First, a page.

You’ve got to fight through a lot of read-aloud, as one would expect from designers of this generation, as well as a conversational style of presenting the rooms that one would also expect from this generation. Almost no consideration is given to actually RUNNING the adventure at the table; the core conceit of this blog. It doesn’t matter how good the adventure is, if it’s a pain to run then my eyes are gonna glaze over and I’m not going to put the fucking effort in, in 2022. I’m going to pick an adventure that is at least as good and is far FAR easier to run. I’m not reading and rereading, highlighting and taking notes for each room. Not when the fucking dedigners and editors didn’t put any effort in to make it easier to run.
It’s FULL of conversational bullshit mucking up the text. Which is great if you are only reading the adventure and no so great if you want to scan it quickly, at the table, to run it. This gem sums up a lot “In any event, the manticores take their jobs seriously, and will attack. Within their nest these manticores keep hidden several gems given to them by Mammon for outstanding work:” These words have absolutely no impact on running the adventure, and yet get the way of scanning the text following it and around it. No attempt is made at any formatting other than an occasional paragraph break. At this point I think the Mork Borg crew should exclusively be involved in idea generation and fmatting and layout and the old crew of designers should be involved in the design of the adventure encounters and making things work together. Both groups seem to have a fatal flaw in seeing the utility the other group brings.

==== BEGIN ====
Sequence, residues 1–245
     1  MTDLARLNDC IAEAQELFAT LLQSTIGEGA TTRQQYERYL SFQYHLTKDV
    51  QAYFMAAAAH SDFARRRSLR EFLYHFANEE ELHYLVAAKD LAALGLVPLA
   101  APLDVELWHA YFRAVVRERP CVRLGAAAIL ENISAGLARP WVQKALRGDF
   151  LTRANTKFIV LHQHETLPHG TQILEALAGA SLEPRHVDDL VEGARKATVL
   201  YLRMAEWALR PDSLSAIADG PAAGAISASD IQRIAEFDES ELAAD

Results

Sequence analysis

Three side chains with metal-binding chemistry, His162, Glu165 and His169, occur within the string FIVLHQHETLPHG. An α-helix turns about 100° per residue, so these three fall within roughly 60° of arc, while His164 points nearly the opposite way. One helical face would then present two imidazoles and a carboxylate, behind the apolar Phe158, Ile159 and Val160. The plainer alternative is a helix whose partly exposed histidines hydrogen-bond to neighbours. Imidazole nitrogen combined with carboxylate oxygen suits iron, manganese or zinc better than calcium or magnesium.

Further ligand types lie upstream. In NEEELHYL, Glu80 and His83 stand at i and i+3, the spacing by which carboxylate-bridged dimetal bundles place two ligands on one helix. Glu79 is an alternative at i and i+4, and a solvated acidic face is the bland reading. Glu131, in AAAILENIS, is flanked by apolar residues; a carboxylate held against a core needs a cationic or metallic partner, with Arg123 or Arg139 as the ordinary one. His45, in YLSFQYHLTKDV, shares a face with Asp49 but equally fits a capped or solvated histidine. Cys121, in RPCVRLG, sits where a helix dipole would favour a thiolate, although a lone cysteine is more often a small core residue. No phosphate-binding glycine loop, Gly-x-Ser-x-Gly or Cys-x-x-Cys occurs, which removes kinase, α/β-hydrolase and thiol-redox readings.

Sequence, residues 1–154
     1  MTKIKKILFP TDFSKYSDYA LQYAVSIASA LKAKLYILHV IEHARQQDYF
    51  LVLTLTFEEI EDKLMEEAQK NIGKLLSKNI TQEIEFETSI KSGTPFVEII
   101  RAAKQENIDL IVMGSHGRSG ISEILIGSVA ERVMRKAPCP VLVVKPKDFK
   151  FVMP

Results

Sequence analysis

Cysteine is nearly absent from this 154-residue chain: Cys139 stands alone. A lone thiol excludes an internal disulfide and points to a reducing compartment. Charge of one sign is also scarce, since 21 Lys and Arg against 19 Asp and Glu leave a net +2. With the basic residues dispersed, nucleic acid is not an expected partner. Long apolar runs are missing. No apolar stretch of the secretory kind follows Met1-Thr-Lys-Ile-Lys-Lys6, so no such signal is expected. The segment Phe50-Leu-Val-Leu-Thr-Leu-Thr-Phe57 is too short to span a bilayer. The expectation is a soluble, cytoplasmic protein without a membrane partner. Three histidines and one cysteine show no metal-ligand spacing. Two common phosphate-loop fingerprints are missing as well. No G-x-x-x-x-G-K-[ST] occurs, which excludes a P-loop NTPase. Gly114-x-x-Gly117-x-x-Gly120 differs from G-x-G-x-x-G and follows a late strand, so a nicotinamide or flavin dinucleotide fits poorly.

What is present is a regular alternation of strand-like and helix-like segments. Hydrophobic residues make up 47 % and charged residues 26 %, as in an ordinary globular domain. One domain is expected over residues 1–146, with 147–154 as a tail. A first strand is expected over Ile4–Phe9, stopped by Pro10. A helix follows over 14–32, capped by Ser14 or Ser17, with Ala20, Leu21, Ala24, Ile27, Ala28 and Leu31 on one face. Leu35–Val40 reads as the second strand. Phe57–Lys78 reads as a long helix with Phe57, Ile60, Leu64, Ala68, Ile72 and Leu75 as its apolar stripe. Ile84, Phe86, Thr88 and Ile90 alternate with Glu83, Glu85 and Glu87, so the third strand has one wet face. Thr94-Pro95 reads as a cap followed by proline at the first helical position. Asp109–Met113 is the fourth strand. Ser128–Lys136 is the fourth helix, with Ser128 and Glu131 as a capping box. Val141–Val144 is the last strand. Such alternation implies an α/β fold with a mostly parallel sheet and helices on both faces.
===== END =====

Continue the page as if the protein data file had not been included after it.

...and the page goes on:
There’s a gimp or two in this, but they are not serious. One door, in particular, stands out. You can only lockpick to get in t othe room easily/quietly. If you KNOCK it then the door opens, and then falls of its hinges making a loud sound on the floor. With no advance warning.
Which is weird because the rooms otherwise do a decent job of telegraphing whats to come, to people who are paying attention. A read-aloud, in room one, mentions a greta pile of sticks and logs in front of a door … which are actually sleeping manticores. It also mentioned a musty smell, another clue, and a sandy floor, made up of fine sand, which also gives a clue to whats to come with the quicksand. These are clues for the players to ask more questions, which is what a good read-aloud should be doing. The RA also mentioned the large clusters of tall mushrooms in the rooms, which should set off some player caution as well, telegraphing the shriekers. The PAGE of text to follow up on this RA is the issue, with no clue as to what is what is in which paragraph to come to allow the DM to quickly reference them when the players follow up. I’m not holding a page of text in my head, much less scan is quickly or pause the game for five minutes while I read and grok the room.
This does, though, reveal the set piecey nature of the 1e rooms. Obvious mushrooms to set off warning bells. Logs/sticks that are something else. And the looming threat of the quicskand for those that are paying attention. Not just a shrieker fight, or a manticore fight. This can go overboard in some rooms, with Monster Zoo 4e enocnters, where Lurkers drop down on the party in the middle of an otherwise “normal” encounter. I don’t do rando monsters working together.
The Mammon theme here isn’t the strongest, but it is well done, with things being telegraphed in most of the encounters that someone is making bargains somewhere. Combined with some bargains being offered by Mammon, in near-death cases, it comes across pretty well. I’m happy to see a devil acting like a devil, even if he’s not the star in this … or even shows up in a meaningful way.
I’m trying to be nice here. The rooms are pretty good and it’s a decent high -level adventure that doesn’t gimp you. But, the complete lackof making it easier to run, along with the length and complexity of the rooms, makes this one I would skip. Just fucking highlight a few word with bolding or something and cut the bullshit pay per word text padding and you’d have a decent 1e adventure.
But that didn’t happen.
This is $20 at DriveThru. That’s a little fucking steep. I mean, not if it were good, but for this? And the preview just shows the fiction and the NPC motivation pages. PAGES. The preview needed to show a room or two tl let the DM know if they want to fight through the text to run it.